The Lufthansa Group on Monday announced its subsidiary airlines were the next in a long list of carriers from around the world to be adversely affected by the increasing numbers of low-cost carriers. The group announced it expected its margin on earnings before interest and taxes (EBIT) to hover between 5.5 percent and 6.5 percent, while previously it had set its sights on the range between 6.5 percent and 8 percent.
The group, which added that those numbers should lead to a profit between 2-2.4 billion euros, said in a statement that it attributes the changes to “price deterioration in Europe caused by market-wide ‘overcapacities’ and aggressively growing low-cost competitors.”
The group, which has over a dozen subsidiaries – ranging from airlines including Lufthansa, Swiss, Brussels, and numerous others it has used to streamline operations, such as LSG SkyChefs and Lufthansa Technik — said long haul operations across its network continue to bolster its operational performance, even as short-haul travel, in particular, has faced roadblocks.
“At the Network Airlines [Lufthansa, Swiss and Austrian], the long-haul business continues to be strong,” the airline’s statement said. “The transatlantic route is generating particularly positive performance and demand on the Asian routes remains high. Strength in long-haul, however, is being offset by price pressures in Europe where demand has become increasingly price sensitive, resulting in lower yields. Network Airlines are addressing these pressures by further reducing their capacity plans, especially for winter 2019/2020 where they schedule only marginal expansion. Network Airlines’ unit revenues are expected to decline slightly on a currency-adjusted basis in the second quarter.”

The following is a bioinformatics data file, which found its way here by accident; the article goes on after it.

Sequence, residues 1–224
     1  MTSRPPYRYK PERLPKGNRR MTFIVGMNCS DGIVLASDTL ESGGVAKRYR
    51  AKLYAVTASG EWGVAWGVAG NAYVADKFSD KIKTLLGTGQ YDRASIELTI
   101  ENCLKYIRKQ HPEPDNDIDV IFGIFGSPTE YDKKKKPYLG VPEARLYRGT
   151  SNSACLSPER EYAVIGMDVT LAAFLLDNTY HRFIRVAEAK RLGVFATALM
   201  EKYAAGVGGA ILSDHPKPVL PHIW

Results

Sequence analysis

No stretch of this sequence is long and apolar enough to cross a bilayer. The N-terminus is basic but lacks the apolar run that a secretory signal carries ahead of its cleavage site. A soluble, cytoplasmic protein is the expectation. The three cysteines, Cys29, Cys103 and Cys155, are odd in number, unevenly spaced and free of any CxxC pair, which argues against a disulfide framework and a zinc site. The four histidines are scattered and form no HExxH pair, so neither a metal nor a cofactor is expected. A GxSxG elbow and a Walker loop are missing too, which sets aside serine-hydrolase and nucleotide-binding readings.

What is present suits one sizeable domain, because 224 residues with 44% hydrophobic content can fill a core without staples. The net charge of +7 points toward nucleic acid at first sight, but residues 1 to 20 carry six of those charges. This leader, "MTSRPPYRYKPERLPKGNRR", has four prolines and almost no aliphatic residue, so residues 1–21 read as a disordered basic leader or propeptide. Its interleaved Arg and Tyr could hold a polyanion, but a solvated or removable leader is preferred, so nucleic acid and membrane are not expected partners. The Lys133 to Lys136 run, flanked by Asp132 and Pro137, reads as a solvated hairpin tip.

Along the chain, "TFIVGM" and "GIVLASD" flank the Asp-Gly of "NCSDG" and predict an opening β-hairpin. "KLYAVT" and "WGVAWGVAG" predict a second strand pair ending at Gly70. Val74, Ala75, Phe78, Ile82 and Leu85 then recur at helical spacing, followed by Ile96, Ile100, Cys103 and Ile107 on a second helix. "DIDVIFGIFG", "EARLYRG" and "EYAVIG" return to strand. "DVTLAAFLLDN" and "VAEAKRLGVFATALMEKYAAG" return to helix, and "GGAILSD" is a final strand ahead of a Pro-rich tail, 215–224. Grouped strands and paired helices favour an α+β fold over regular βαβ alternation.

The announcement, which led to a small tumble in stock prices for various airlines across Europe, provided yet another tangible example for investors and industry leaders of the disruptive potential of low-cost carriers. Airlines such as easyJet and Ryanair are just the tip of the iceberg, as dozens of carriers around the world continue to spring up, capturing a large chunk of the local market share in route networks across the world.
Placing the blame for its forecast change on short-haul pressures, Lufthansa inadvertently made it clear it is unlikely those pressures will go away, especially as low-cost carriers continue to grow in both expanse and influence. So in order to overcome those challenges, the airline will be forced to adapt.
To compound those pressures, low-cost carriers continue to pervade other markets as well. While the group on Monday touted its full-service long-haul product as a bastion of its success, low-cost carriers are slowly moving to grab hold of that market as well.
While full-service carriers’ forays into the low-cost market, such as Air France’s Joon, have not fared as well, singly-focused carriers such as Norwegian have slowly, but surely, taken a foothold in the long-haul market. If they continue this advance, airlines like Lufthansa, Swiss and Austrian will need to work to defend their long-haul operations as well, for fear of losing out to a newer breed of carrier that has continued to pervade the world aviation market.